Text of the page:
This view fits memoirs into the story of the autonomous, violent and rebellious self; an active self that asserts itself through a struggle against the collective. In contrast, for the eyewitnessing view, the relations between history and lifestory are relations of mutual support: the authors lifestory guarantees the truthfulness of history, whereas history in its turn provides the meaning for recounting ones lifestory. This view fits memoirs into an alternative story of the self: a story of a more cooperative and affirming self; a cognitive self that exists primarily in relation to knowledge, and that supports and is supported by collective identities and truths.

Despite these important differences, both views share the same fundamental assumption, namely that memoirs are about the self.

Renaissance Military Memoirs: War, History and Identity, 1450-1600 (Warfare in History)

The individualistic theory holds that the key to understanding memoirs is the role of the memoirist as an individual seeking a place for his self and his lifestory vis--vis history; whereas the truth-production theory holds that the key to understanding memoirs is the role of the memoirist as an eyewitness, using his lifestory to guarantee historical truth.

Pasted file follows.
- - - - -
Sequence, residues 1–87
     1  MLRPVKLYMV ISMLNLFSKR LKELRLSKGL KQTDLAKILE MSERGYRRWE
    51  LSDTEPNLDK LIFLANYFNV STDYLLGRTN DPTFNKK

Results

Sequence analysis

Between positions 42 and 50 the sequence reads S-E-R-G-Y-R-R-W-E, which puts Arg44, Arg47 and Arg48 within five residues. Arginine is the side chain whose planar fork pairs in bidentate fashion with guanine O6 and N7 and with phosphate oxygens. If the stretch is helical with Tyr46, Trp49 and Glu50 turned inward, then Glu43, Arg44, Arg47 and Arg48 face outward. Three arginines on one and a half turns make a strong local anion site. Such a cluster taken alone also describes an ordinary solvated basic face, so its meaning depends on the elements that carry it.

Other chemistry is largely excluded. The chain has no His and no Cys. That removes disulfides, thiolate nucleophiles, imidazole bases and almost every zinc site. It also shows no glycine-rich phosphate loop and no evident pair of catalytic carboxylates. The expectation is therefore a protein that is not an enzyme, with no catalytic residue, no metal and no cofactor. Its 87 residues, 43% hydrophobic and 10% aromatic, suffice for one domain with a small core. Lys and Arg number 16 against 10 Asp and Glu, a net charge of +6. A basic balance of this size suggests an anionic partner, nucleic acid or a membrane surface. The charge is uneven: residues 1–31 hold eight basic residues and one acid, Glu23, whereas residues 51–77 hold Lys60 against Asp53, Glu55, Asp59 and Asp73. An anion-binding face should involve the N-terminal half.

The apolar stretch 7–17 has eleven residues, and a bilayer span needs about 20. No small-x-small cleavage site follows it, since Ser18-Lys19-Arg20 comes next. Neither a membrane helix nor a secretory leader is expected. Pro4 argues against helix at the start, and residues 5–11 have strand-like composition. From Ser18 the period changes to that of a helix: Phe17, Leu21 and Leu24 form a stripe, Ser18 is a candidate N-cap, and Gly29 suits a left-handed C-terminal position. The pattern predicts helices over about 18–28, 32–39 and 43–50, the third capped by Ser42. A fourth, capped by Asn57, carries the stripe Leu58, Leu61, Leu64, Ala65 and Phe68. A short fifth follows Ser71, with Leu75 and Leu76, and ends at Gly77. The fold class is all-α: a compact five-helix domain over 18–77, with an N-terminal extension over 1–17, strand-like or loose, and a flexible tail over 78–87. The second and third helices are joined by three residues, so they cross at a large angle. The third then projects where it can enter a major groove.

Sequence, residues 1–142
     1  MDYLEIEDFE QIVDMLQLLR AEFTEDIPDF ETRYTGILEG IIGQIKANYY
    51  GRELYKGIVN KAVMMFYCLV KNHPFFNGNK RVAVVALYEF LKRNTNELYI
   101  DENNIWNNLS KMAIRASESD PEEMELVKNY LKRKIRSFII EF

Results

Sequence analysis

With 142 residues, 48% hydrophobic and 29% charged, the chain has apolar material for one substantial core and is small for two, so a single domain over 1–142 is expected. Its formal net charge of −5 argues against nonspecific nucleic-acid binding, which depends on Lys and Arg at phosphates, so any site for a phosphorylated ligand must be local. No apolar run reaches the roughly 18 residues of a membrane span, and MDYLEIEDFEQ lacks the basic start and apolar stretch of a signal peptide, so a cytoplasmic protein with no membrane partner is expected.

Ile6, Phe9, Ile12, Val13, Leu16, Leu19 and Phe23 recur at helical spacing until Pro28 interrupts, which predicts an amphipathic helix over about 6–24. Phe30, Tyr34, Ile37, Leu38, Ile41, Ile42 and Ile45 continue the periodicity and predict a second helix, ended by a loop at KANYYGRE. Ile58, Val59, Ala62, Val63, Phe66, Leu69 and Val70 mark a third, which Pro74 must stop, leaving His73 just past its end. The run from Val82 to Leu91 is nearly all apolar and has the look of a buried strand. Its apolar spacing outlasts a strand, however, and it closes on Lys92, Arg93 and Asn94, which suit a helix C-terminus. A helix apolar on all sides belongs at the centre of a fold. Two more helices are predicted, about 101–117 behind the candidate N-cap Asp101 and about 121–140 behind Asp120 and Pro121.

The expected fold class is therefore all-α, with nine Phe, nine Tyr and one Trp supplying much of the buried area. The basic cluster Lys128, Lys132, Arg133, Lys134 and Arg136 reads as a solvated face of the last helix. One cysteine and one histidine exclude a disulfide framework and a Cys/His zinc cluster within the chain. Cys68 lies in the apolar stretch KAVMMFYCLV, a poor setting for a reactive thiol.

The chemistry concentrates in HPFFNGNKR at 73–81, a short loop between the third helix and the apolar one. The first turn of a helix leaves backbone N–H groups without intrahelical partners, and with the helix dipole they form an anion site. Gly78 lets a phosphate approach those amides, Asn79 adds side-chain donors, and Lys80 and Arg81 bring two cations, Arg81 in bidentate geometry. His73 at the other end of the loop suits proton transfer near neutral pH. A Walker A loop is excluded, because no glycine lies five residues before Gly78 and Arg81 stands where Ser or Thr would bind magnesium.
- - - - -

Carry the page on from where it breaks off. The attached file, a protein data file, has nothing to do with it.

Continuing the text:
Understanding where exactly the borderline between lifestory and history passes and what relations prevail across it is tantamount in their eyes to understanding memoirs, and would pinpoint the exact location occupied by memoirs on the historyautobiography continuum. Even more importantly, understanding this borderline would indicate the location and nature of that elusive modern grail: the self. Hence both views focus on locating this borderline, and exploring the relations existing along it: are there conflicts there or peaceful exchanges?

Renaissance Military Memoirs

Is the border stable or moving? Is it guarded and if so, how and by whom? Yet is this a good approach to reading texts such as Guyons? What characterizes Guyons text is precisely the absence of any borderline between lifestory and history.

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True, elements that can be classified as lifestory and as history are certainly present in this text, but there seems to be no kind of distinction or borderline between them. They are mixed together any which way, as if they were one and the same thing. If Guyons text was an isolated example, we could perhaps have dismissed it as the product of a particularly confused individual. However, the same confusion characterizes almost all Renaissance military memoirs. The memoirs of Robert de la Marck, lord of Florange, open in captivity.

Having been captured at the disaster of Pavia , Florange explains that since he had little to do in captivity, he decided to write the adventures that he had had and what he had seen and what had happened in his time from the age of eight years until the age of thirty-three years. Introduction He leaves home, and is attached to the court of the count of Angoulme the future Franois I.